Universities ‘in tricky position’ on Chinese student contracts

Institutions should pay heed to pressure from Beijing, but avoid depriving students of study abroad opportunities, scholars say

January 24, 2023
Person in a small container during a performance in China Beijing to illustrate Universities ‘in tricky position’ on Chinese student contracts
Source: Alamy

Scholars have expressed concern about allegations that Chinese PhD students have been required to sign oaths of loyalty to the country’s government in return for funding.

Chinese doctoral students enrolled at several Swedish institutions with support from the Chinese Scholarship Council (CSC) had been required to sign contracts swearing loyalty to the Chinese Communist Party and pledging to act in their nation’s interests, the newspaper Dagens Nyheter reported.

A clause specifying that a member of the student’s family should remain in China until their return has aroused particular concern, with the prestigious Karolinska Institute subsequently imposing a temporary bar on enrolments under the scholarship.

Yu-Hua Chen, an assistant professor in China studies at Japan’s Akita International University, said having to agree to such contracts in return for funding was “usual practice” in China but noted that the country had become more zealous in controlling the actions and statements of its citizens abroad under Xi Jinping, with the early signs of change evident around 2013, when many Chinese students began to avoid participating in discussions related to the South China Sea disputes or over the treatment of Uyghur minorities in Xinjiang.

Dr Chen said Western universities would do well to pay more attention to the issue, cautioning that the expectation of loyalty expressed in the documents could be a “moving target”.

“It could contain a passive meaning like ‘never participate in protests against Beijing’” but could also imply that students should develop local communist groups, help “mobilise” other Chinese citizens overseas or even engage in industrial espionage, he said, noting that the last would “seriously harm the democracy and academic environment of the hosting countries”.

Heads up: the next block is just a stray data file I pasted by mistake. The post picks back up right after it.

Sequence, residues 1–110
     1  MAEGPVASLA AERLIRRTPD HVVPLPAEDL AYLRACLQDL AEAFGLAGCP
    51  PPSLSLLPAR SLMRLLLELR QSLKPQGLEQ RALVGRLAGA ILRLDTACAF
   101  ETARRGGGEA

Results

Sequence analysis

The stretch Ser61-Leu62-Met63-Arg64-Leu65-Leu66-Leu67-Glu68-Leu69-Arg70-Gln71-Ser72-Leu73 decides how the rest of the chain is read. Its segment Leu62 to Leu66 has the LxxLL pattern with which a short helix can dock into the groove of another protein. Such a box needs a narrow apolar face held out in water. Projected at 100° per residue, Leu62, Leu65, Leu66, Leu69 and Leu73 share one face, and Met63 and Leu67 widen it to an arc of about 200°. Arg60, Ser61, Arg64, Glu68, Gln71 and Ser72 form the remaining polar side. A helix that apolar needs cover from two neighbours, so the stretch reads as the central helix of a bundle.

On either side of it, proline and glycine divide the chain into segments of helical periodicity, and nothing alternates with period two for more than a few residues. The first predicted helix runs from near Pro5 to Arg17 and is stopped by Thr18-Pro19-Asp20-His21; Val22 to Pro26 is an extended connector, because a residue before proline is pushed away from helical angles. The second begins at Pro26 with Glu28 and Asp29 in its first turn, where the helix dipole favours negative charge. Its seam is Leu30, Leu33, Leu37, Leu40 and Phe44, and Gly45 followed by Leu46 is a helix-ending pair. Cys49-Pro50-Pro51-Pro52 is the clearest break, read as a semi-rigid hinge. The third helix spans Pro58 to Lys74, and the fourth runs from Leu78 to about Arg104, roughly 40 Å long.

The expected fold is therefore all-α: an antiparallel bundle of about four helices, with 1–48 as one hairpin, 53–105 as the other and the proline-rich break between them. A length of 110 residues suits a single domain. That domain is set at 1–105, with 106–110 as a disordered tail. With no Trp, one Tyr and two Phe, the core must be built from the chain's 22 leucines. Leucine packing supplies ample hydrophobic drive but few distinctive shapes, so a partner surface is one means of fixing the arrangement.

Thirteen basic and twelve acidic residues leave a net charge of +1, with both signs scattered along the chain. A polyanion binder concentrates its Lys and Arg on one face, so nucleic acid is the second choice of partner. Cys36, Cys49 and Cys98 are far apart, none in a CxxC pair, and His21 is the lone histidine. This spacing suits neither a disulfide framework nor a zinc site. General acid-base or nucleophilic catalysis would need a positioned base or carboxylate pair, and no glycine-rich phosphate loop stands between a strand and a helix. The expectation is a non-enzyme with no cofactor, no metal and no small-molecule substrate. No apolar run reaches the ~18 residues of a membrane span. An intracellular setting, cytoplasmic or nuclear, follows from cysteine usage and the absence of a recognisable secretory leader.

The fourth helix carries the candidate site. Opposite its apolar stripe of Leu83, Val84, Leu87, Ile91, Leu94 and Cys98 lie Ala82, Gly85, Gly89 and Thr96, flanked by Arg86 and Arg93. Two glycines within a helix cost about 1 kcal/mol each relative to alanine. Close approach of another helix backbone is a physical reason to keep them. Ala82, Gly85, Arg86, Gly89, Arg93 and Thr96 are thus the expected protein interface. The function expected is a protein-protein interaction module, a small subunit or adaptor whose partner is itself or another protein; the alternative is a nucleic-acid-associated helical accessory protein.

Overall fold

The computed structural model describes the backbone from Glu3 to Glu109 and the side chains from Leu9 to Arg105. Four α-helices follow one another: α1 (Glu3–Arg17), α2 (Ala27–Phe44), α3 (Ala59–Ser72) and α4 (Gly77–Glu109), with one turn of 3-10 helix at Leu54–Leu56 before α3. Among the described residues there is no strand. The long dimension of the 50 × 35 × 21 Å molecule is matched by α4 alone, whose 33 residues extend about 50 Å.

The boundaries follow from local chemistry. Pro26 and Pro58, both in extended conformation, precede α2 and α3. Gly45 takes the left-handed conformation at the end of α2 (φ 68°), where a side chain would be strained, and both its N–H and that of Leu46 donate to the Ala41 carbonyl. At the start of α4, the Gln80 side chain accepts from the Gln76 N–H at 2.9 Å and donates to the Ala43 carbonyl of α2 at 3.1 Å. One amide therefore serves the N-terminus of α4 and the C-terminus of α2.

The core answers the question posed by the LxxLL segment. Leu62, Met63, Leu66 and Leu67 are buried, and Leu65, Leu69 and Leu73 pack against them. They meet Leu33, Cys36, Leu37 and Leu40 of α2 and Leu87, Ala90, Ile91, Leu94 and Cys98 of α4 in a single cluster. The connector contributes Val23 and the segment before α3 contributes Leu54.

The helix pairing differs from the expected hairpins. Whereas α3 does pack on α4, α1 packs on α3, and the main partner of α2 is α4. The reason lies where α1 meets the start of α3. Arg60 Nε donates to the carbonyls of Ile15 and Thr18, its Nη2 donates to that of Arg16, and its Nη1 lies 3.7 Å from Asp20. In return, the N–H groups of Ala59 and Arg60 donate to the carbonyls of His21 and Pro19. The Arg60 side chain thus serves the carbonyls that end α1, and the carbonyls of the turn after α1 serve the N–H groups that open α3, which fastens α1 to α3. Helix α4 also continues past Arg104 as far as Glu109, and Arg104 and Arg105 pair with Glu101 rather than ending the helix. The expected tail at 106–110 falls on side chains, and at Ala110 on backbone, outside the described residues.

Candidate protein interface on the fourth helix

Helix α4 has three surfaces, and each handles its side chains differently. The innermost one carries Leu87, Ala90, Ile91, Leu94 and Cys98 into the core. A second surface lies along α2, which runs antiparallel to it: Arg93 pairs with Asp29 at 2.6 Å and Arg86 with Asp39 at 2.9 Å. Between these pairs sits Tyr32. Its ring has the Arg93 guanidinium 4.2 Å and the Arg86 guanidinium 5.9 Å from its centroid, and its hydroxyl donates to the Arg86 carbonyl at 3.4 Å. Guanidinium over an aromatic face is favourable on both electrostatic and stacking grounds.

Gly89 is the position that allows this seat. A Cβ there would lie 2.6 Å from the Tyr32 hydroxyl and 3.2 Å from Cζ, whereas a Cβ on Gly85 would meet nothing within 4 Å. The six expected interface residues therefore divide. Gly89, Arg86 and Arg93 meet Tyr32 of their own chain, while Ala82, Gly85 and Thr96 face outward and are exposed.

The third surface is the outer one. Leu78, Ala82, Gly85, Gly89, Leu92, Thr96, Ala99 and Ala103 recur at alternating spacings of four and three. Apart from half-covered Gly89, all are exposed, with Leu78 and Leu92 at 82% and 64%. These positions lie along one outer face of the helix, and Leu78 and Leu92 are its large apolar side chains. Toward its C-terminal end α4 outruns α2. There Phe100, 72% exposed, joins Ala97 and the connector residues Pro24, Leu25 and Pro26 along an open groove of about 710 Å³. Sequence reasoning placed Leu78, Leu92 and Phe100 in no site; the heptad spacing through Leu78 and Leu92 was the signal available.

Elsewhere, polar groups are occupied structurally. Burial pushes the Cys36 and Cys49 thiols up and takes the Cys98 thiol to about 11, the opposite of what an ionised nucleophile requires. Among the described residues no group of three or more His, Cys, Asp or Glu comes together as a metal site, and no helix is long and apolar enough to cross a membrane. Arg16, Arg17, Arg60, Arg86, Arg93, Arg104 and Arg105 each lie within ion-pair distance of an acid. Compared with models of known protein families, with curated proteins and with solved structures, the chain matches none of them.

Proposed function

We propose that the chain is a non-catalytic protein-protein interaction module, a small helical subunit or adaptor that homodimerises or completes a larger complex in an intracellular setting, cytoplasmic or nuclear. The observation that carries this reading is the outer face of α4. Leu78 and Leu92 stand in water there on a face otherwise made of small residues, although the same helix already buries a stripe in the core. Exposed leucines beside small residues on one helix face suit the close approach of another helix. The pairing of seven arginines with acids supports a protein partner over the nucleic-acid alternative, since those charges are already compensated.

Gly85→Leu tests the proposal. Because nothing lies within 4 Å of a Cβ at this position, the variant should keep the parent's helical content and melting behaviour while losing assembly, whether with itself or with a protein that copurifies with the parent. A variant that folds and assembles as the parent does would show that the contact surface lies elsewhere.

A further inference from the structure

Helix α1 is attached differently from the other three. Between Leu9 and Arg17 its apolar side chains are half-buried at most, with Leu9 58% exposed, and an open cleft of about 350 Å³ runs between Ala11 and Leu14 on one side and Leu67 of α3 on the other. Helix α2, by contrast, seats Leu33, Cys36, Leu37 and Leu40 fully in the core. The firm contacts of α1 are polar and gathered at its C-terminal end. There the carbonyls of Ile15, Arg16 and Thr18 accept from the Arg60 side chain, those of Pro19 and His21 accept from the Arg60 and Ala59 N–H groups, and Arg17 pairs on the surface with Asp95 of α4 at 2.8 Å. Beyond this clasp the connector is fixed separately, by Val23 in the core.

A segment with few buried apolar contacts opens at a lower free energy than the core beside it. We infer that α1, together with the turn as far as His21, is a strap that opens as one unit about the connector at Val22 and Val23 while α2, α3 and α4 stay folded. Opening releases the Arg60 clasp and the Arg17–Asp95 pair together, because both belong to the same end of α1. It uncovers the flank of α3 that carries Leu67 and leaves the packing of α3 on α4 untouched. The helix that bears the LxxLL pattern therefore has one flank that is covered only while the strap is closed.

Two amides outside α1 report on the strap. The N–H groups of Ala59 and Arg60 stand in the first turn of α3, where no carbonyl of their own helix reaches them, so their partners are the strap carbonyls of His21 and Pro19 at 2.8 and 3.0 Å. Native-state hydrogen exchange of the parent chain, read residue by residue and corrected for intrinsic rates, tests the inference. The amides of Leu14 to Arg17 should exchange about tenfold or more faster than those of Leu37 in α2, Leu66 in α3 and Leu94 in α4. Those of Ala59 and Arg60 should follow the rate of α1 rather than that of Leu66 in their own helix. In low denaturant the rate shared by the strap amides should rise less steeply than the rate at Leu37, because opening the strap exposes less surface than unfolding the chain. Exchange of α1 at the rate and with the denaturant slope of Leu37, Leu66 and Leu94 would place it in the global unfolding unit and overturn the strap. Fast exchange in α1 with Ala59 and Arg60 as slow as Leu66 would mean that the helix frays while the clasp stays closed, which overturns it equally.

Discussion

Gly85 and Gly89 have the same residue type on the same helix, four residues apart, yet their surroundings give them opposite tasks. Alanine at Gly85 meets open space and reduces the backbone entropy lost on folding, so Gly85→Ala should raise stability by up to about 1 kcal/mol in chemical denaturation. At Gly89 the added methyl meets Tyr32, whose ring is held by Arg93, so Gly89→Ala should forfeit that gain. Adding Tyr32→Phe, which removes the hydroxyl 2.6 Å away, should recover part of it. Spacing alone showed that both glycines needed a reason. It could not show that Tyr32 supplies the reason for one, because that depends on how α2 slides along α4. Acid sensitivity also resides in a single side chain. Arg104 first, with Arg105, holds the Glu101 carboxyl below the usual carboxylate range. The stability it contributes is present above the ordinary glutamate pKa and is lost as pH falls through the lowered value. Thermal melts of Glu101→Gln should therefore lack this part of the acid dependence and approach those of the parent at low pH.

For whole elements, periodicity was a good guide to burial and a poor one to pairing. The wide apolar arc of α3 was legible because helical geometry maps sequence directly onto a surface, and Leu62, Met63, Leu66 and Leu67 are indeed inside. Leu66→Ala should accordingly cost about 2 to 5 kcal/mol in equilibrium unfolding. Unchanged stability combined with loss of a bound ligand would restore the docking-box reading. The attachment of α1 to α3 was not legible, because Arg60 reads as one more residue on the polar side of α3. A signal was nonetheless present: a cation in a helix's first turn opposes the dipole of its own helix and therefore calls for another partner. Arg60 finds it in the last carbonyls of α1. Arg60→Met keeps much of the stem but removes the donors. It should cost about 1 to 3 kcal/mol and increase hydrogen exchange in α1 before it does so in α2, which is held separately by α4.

Teng Biao, a human rights lawyer and visiting professor at the University of Chicago, noted that CSC scholarship holders made up just a few hundred of the hundreds of thousands of Chinese learners who study overseas each year, but agreed that broader restrictions on Chinese students’ freedom of speech put Western institutions in a “tricky position”.

“When Chinese students are intimidated by the government, it’s really difficult to get rid of that pressure…the best thing for universities to do is ensure academic freedom,” he said.

Dr Biao argued that accepting Chinese students under these terms was a lesser evil than shutting them out of study abroad opportunities in the West altogether.

“At least [students] have the opportunity to access the lifestyle of a democratic system, and then there’s a possibility that the young generation can bring these ideas to China,” he said.

But Kerry Brown, director of the Lau China Institute at King’s College London, thought that fears over the scheme were overblown.

“I am sure there might be language alluding to the need to be patriotic, etc. But as ever with these official forms, interpretation is everything,” he said.

Professor Brown said he has never been told of any restrictions by students he has supervised under the scheme. While students need to fill out an annual form on their academic progress, their complaint seemed to be “too little engagement” from administrators rather than too much.

“For sure, CSC is very unlikely to support people studying the separatism movement in Xinjiang or injustices in Hong Kong. But most students I know who are engaged in this are doing solid social or hard science.”


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Reader's comments (1)

Why is this a mystery? The West is at war with China and is constantly recruiting Chinese agents. I personally know a husband and wife team of such recruiters at one of our most famous universities. Let's not act surprised here. The Chinese are cautioning those youngsters to know what they're getting into and its consequences.